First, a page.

3.2. Impact of heat stress on plant N fluxes

Temperature is one of the main environmental factors explaining the variations of yield and quality in crop plants (Wheeler et al., 2000 in different annual crops; Karjalainen & Kortet, 1987 in pea; Sidlauskas & Bernotas, 2003 in oilseed rape ; Peng et al., 2004 in rice ; Schlenker & Roberts, 2009 in corn, soybean and cotton; Peltonen-Sainio et al., 2010 in barley, wheat and oilseed rape ; Asseng et al., 2011 in wheat). Temperature changes are not necessary deleterious to plants: air or soil temperature regulates the rate of many growth and development processes of plants. A threshold high temperature refers to a value of daily mean temperature at which a detectable reduction in growth begins (Wahid et al., 2007). Such heat stress can have damaging impacts on both vegetative and reproductive tissues by causing proteins to unfold, affecting membrane fluidity, metabolism and cytoskeleton rearrangements (Ruelland & Zachowsky, 2010). Although, it is difficult to define a limiting temperature for an integrative process like growth, it is known that heat stress threshold temperatures vary in plant species with the origin of their habitats. For the temperate legume crop pea (Pisum sativum L.), a temperate above 25 C can be considered as limiting (Guilioni et al., 2003). Regarding the differing effects of temperature on the plant physiology in each range, stress-inducing temperature has been defined as severe when temperature exceeds 35 C for a few hours a day for a few days (Guilioni & Jeuffroy, 2010). The threshold temperature during flowering, which results in seed yield losses, was 29.5 C for three Brassica species (B. napus, B. napa and B. juncea L.) (Morrison & Stewart, 2002). In temperate cereals as wheat, two heat ranges may produce distinct negative reactions: a moderate high temperature range between 15 and 32 C, and a severe heat stress above 32 C (Wardlaw & Wrigley, 1994). Schlenker & Roberts (2009) found that temperature above a threshold is harmful to yields of tropical crops (close to 30 C for corn, soybean and cotton). Although photosynthesis and C metabolism are considered as the physiological processes most sensitive to high temperature (Wahid et al., 2007) and were widely studied, N fluxes in crops plants can be significantly affected by this environmental factor and progress are currently made on this subject.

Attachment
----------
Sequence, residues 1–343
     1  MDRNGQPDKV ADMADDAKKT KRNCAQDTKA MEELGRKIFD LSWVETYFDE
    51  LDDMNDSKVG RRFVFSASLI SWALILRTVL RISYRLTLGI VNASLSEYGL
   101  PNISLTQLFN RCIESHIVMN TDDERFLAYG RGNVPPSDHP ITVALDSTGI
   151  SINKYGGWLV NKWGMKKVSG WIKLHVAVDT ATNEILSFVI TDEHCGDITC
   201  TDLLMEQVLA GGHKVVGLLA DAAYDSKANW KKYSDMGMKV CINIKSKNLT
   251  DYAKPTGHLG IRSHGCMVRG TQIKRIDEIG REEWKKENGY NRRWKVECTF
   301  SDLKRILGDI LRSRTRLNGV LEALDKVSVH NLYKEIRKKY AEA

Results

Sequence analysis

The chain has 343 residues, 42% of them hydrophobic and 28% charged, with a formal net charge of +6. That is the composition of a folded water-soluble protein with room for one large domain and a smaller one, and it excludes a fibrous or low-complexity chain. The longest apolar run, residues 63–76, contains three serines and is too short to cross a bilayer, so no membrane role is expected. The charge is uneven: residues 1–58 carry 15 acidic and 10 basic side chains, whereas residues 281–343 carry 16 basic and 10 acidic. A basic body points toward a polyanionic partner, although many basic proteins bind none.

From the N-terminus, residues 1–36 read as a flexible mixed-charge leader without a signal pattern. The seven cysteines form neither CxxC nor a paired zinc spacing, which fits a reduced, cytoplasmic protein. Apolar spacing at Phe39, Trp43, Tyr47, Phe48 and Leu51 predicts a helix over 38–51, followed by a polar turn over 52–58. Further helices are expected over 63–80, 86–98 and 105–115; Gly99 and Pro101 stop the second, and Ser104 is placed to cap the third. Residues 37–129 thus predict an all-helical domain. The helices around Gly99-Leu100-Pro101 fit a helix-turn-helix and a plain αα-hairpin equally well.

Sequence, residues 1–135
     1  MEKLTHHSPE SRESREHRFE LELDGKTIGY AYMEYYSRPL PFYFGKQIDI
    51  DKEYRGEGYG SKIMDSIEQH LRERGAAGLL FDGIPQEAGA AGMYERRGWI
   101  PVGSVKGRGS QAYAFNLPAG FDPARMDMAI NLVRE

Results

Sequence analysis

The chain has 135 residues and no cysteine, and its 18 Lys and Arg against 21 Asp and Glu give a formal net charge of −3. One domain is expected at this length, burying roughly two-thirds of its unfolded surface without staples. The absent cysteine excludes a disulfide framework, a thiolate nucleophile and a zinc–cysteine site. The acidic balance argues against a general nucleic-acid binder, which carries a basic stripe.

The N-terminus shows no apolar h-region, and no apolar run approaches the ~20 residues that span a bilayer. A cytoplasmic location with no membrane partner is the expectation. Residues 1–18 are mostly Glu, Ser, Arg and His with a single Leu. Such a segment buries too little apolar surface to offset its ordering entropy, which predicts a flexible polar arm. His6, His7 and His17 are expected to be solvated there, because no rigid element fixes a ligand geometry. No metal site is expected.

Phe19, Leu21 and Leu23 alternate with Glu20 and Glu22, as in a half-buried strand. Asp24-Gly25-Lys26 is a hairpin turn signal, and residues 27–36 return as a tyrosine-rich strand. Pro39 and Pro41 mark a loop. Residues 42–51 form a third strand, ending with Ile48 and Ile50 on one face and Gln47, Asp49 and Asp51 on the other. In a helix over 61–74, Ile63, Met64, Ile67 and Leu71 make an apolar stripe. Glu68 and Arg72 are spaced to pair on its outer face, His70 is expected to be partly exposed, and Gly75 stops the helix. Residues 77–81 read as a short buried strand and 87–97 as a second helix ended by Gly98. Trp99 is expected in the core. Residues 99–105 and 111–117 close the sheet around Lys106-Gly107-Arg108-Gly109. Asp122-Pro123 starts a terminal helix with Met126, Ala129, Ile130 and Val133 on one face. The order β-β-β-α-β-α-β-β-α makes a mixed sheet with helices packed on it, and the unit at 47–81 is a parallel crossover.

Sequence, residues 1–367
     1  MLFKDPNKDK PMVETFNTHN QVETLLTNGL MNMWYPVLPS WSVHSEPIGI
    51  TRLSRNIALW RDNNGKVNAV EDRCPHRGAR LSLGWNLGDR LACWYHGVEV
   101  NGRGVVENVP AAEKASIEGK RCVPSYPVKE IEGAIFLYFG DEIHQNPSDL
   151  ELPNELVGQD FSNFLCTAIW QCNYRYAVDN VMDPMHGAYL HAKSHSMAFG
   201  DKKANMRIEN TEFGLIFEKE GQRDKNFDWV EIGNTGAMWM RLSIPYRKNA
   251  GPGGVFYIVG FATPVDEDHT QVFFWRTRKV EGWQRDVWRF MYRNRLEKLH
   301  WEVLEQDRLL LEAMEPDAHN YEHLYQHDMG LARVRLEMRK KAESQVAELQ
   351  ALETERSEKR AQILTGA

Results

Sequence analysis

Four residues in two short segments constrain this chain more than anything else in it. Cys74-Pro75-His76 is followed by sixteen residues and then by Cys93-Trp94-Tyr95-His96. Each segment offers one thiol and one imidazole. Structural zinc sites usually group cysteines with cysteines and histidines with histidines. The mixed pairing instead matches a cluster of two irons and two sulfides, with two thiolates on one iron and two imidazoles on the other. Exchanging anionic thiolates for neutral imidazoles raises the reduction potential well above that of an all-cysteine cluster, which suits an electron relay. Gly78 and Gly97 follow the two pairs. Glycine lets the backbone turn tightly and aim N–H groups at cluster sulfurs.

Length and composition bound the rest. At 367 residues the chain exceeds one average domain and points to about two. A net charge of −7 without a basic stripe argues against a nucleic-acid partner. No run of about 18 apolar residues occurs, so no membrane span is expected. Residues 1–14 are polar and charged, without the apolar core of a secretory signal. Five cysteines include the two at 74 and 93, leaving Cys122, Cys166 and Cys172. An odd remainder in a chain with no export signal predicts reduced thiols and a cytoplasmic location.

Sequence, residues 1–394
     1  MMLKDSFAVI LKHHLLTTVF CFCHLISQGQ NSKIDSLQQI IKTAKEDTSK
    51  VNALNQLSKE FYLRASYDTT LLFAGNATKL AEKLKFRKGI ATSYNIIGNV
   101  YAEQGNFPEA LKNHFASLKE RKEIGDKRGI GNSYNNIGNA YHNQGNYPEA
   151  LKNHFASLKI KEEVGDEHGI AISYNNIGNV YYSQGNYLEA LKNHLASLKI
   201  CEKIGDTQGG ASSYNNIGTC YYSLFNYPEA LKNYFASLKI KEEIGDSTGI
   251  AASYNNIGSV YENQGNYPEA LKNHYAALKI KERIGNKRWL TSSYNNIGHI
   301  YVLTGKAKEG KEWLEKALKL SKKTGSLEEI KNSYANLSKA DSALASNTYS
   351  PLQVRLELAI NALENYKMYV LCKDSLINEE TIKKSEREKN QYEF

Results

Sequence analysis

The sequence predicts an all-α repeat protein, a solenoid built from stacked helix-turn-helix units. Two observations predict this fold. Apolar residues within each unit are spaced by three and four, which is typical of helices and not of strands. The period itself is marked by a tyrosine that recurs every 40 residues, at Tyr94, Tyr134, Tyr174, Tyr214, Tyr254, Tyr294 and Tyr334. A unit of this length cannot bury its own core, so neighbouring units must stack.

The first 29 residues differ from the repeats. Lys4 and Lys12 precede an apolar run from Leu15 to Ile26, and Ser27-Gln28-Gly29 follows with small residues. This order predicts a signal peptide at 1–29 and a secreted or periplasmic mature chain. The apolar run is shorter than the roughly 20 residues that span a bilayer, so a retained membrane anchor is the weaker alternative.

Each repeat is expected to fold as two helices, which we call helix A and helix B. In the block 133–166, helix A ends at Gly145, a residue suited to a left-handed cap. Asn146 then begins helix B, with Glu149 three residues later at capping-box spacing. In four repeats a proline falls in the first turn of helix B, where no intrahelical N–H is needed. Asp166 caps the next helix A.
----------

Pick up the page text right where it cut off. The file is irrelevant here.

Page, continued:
3.2.1. N acquisition and assimilation Root morphology

Soils in the field show temperature gradients and diurnal oscillations that can strongly affect root growth (Walter et al. 2009). However, depending on soil depth, changes in soil temperature are delayed and display lower amplitude than those encountered for the atmospheric temperature. At moderate temperature, the length of main and lateral roots increases almost linearly with temperature in oilseed rape (Nagel et al., 2009) and various plant species, such as cereals, cotton, sunflowers and forage legumes (Al-Ani & Hay, 1983, McMichael & Quisenberry, 1993). The temperature effect seems to be more pronounced on root branching than on tap root lateral growth, thus root branching increases with higher temperature up to the optimal temperature of a plant (McMichael & Quisenberry, 1993, Nagel et al., 2009). Wahid et al. (2007) suggested that heat stress can cause root growth inhibition. Moreover root viability decreases at high soil temperature (Rachmilevitch et al., 2006). Nitrate uptake and assimilation